Looking for sources

When it comes to finding your sources, there are several places you can start. If you don't have anything but your topic, then head right over to Google Scholar and search for your keywords. What to look for: authors and the peer-reviewed journals they are published in. 

After this first scoop of articles, you can head over to your university's library webpage and search the database for specific authors or journals. I'd say gather seven or so highly-relevant articles and don't obsess over missing out on the giant chunk of what's been done before. You will get to this chunk all right, but first it’s better to sift through it. 

Surviving the flood

For those sifting purposes, I am extremely happy to introduce you to a beta app and a fascinating AI-based discovery that is ResearchRabbit. If you are not immediately attracted by its emoji-induced user-friendliness, here are its top-notch features: you feed some of the relevant articles from the previous step into the algorithm and it searches the web for related works published before and after your initial ones. By adding more relevant articles, you’ll get more and more precise recommendations without having to spend hours manually analysing what your chosen authors reference.

If, however, you are looking for a more established solution, there is Connected Papers – basically, it does the same thing but also visualizes the papers in handy graphs. This way, you don't just get a better picture of the many interconnections, but are also sure not to miss a publication important to your project.

As a result of this step, those seven-ish initial papers will have turned into a considerable collection of articles that should provide you with an overview of your topic and generate ideas for your own project.

Accessing literature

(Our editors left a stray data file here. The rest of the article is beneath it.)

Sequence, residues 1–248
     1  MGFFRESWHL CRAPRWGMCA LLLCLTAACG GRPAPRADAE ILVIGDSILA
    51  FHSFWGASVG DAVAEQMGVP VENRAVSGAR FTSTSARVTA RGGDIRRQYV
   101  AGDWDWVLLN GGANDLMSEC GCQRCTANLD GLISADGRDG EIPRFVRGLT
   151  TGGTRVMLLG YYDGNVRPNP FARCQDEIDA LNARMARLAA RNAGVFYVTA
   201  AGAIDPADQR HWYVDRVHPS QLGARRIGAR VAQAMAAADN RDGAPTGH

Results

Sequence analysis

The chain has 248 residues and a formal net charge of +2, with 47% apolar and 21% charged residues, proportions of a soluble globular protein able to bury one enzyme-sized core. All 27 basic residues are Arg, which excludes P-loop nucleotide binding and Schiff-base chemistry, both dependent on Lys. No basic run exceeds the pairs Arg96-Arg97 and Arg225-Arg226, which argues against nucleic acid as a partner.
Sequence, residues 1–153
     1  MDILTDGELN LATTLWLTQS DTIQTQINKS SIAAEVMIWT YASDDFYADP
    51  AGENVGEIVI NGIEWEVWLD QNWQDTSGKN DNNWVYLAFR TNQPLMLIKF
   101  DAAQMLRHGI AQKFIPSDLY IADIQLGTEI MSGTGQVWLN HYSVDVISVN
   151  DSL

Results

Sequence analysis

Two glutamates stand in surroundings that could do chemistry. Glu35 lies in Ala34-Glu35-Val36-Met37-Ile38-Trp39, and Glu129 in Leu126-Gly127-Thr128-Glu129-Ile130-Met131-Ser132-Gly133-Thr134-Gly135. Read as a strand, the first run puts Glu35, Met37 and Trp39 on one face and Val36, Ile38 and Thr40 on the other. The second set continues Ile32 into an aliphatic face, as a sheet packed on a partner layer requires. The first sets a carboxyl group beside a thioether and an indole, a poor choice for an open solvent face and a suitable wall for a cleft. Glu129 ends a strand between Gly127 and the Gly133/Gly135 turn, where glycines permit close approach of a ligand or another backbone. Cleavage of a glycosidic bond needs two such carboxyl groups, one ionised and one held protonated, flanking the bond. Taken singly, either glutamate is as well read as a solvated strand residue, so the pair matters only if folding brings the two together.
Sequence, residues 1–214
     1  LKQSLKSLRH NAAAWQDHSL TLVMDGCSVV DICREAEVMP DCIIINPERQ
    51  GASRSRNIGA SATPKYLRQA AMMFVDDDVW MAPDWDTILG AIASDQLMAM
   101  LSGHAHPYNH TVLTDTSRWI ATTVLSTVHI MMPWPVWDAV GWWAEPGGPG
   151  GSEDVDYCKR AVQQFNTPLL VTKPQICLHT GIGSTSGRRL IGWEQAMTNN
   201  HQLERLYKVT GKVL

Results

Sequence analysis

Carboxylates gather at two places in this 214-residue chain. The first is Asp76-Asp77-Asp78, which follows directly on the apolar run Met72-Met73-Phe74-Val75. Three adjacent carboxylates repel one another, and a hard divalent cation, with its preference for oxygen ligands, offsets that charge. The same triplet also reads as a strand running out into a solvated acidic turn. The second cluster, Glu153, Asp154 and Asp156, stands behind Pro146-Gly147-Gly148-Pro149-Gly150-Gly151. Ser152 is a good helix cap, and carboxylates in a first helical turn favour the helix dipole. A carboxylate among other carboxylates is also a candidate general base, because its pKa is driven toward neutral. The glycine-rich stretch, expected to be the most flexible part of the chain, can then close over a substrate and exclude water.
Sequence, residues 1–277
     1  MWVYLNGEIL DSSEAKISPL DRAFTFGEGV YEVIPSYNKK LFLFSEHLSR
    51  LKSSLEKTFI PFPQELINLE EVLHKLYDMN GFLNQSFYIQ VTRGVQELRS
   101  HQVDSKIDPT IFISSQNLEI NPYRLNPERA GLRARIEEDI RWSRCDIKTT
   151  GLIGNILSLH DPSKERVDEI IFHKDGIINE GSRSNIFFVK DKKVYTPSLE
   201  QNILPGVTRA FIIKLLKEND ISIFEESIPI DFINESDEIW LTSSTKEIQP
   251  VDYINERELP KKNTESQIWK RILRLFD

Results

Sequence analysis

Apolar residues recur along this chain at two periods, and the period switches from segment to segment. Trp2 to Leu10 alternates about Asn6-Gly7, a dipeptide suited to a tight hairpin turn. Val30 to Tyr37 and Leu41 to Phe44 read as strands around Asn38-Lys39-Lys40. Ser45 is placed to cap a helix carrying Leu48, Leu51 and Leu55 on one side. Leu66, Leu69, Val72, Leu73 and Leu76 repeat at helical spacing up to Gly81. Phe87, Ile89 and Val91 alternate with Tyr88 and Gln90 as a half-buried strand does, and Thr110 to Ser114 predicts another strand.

Most universities provide access to quite an extensive list of journals and paper collections that can be viewed right from their libraries’ websites. As it is not always convenient to start your search there, you can use, for instance, EndNote Click (formerly Kopernio), a Chrome extension that allows you to open all articles your library has access to by automatically logging into your student account when you open, say, Nature or IEEE.

It's also worth keeping in mind that due to the ongoing campaign for open science, more and more journals are publishing their articles openly. You can view the list here or search one of the major open-access databases here.

Organizing your references

First, let me tell you what not to do by drawing an example from my own past. Don't just create a spreadsheet where you put your sources into columns like "title", "main idea", "relevance". Or at least don't do it in a Word document with no system of tags. This way, you will never ever get a rewarding experience out of perusing it.

Some ways to get a much better experience are:

  • Notion. This app is all the rage now, so I will only add that it has inbuilt templates you can use to beautifully outlay your articles, color-code them, and introduce a tagging system. There are also dozens of readymade templates of varying complexity available online. Downside: as far as I know, to generate your citations, you will have to use another tool like citethisforme or Scribbr's APA Reference Generator.

  • EndNote Click can also be used to sort your viewed articles into categories – again, by adding tags and then filtering your articles by them. A bonus: for almost any article, it can create a citation in almost every style imaginable.

  • MendeleyZotero (and the like) – these two are the most popular of a whole group of apps that allow you to keep all your sources in one place, sort them into projects, keep notes on them, or even search the available databases for new articles. What's good about those is that you can add your previously downloaded PDF articles to let the apps pick up all info about them on their own and then compile a reference in a wide variety of styles. Just as with the previous app, however, it is not always possible for every article, so do keep online citation generators at hand.

Credit: bantersnaps (@reddalec) on Unsplash

Credit: bantersnaps (@reddalec) on Unsplash

If you are a little overwhelmed by the choice of apps listed here, ask yourself one question: what part of working with literature scares you the most. Is it...

  • Finding enough relevant articles? – Look into Connected Papers or ResearchRabbit. 

  • Keeping track of everything you’ve read? – Consider Notion or EndNote Click.

  • All that at once plus the catastrophe of making citations? – Get on friendly terms with Mendeley & Co. and you will know no trouble. 

Good luck with your thesis or any other research endeavors! 

If you are looking for other ways to get more organized, check out our budgeting tips and top-five techniques to study effectively. And if you are struggling with stress, head here for some advice. You've got this!